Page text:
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6-17-09 004_edited-1-2
Barbecues & Abandoned Homestead


2/28 & 3/1/10 - 2/28/10, Evant, TX - The past couple of days, Iíve had to exist in the primitive world of no cell or internet service,  Tonight, (3/1) I have marginal internet and phone, so I should be able to post this blog. The 28th was a wonderful day with clear skies and warm temperature, Everywhere we went, folks stopped to chat and bring us gifts.  One couple drove all the way up from Austin to say ĎHií.  They have been following the blog for about a year.

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Cooking up some Bacon & Eggs at the first morning break.

The terrain from the Cowboy Church to the town of Evant was rolling hills and rangeland. If that wasnít challenging enough, the ten mile stretch leading into town was under construction, and the shoulders were tore up. Most of the time I could drive on the half-paved shoulder, but it was only about a foot wider then the wagon, so it required a lot of work on the lines to keep them rolling in such a straight line. A mile short of town, I was invited to pull into Kyle and Rita Arnoldís place for the night. They used the excuse of my stay to throw together a nice Texas Barbecue.  Kyle is a master of the beef brisket, and has a sauce that is second to none.  The homemade biscuits & gravy really topped everything off.

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The 10 miles east of Evant was construction with marginal shoulders.

3/1/10, Center City, TX - Since this is the geographical center of Texas, I guess you could say that it will be a while before I get out of the state. All day long it rained, but it kept the team cool and I stayed nice and dry up front.  From the Guest Book entries, I see someone stopped at lunch, but I was busy eating my soup and didnít hear her.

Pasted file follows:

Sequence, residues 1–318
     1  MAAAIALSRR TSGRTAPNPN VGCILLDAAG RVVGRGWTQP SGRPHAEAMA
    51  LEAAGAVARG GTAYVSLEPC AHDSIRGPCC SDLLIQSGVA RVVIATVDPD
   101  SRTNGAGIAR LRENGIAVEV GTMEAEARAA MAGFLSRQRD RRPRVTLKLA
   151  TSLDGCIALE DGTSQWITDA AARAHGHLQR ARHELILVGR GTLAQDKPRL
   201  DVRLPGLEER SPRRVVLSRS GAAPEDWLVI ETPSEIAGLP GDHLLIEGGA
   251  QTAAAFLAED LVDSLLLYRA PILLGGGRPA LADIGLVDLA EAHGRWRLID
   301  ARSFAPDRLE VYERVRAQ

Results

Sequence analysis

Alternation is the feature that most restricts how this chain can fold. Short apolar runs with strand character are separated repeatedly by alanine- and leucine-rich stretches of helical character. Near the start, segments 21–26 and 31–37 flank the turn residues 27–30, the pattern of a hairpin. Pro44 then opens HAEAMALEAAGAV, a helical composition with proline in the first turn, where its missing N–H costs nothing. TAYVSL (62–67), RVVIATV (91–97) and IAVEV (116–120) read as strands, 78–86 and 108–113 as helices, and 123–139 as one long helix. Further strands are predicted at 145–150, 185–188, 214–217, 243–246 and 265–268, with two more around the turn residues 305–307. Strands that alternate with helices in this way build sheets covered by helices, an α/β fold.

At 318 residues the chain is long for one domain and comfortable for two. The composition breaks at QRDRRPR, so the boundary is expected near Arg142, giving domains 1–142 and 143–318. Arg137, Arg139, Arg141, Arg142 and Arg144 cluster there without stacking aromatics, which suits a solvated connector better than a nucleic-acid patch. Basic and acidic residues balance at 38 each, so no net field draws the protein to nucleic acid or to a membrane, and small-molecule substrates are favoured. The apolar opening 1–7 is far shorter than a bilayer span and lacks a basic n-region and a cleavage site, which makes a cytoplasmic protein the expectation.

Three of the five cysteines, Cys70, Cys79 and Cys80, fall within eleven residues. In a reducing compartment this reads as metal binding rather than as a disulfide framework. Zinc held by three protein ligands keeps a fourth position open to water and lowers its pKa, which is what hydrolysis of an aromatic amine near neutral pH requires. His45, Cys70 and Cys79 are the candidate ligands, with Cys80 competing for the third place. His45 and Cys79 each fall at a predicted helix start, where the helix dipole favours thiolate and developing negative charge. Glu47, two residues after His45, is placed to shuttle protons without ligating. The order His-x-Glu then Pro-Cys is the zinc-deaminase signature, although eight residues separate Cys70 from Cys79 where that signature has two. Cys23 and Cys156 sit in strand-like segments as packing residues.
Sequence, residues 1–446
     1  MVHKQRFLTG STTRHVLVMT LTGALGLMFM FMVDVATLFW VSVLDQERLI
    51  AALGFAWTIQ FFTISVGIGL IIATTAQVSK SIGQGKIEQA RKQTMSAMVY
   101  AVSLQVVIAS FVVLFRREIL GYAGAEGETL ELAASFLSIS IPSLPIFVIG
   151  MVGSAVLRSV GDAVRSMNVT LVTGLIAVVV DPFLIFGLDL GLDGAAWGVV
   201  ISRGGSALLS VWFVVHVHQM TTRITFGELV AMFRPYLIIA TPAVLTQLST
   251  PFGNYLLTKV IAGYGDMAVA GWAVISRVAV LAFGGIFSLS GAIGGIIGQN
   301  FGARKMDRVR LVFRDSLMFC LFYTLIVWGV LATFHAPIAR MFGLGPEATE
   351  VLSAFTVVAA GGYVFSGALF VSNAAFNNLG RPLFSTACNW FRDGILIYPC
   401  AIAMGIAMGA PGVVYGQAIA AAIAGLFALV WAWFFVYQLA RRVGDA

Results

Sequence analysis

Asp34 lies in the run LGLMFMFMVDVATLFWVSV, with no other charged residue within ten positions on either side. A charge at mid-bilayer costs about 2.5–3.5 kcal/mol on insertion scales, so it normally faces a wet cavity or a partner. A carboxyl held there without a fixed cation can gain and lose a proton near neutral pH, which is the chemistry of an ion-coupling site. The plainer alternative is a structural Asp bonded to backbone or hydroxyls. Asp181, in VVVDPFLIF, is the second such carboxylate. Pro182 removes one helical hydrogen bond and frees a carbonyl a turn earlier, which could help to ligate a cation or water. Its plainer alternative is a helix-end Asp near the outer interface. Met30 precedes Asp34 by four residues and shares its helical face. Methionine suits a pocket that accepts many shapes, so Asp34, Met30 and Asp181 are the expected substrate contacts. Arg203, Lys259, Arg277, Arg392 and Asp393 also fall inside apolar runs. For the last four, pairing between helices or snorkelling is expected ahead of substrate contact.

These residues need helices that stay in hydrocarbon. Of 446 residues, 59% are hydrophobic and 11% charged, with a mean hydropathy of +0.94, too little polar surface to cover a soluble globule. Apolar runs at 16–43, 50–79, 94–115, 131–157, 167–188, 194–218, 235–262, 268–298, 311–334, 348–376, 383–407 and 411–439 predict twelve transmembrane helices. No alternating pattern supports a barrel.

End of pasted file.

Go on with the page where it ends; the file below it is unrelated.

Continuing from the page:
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Another change in the scenery - Live Oak in the range land.

The terrain was hilly, and a tough pull for Bob and Doc. Iím starting to see more Live Oak and less Mesquite in this part of Texas.  This state has some really varied terrain, and when youíre traveling at 3 mph, you really take notice of the differences in topography and flora.

In the crossroads of Center City, I met Bill, owner of the Muleshoe Ranch. Bill has several pairs of mules and horses that he drives. His sheds are loaded without about every type of carriage and wagon you can imagine.

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The team is actually in a modern steel pen at this old homestead.

Tonight, the team and I are settled in at an old homestead that Bill owns, about a mile and a half down the highway from his ranch. Weíre all setup with complimentary hay and grain and we have the run of the place.

In talking with Bill, he asked if I had ever heard of Bernie Harbets, as he had read Bernieís book and was quite impressed.  Of course, I filled his ear with good things about my old friend Bernie.

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An icon of America-gone-by; an old ranch house (not used) on a 75 acre homestead.

Tonight, Clementine are having a wagon-favorite for supper - Southern Fried Chicken, Potatoes and Milk Gravy.  Whenever I use to stop by my Grandmaís she would break out her cast iron skillet and whip me up a batch.  Clem is happy that a young feller paid attention when his Grandma (god bless her) use to cook up her victuals!

Iím giving the team a day off tomorrow.  Itís suppose to be good weather, so I think Iíll saddle Doc and take him for a ride around the place.  Since the property has a fence line around it, Iíll probably turn the Belgians loose. As long as I have Doc, and some soft ground for tracking, it shouldnít be too hard to round them up amongst all the cedar, mesquite and live oak trees.  Iíll let you know tomorrow night on how well I fared with the early spring roundup - yipee ki yeah.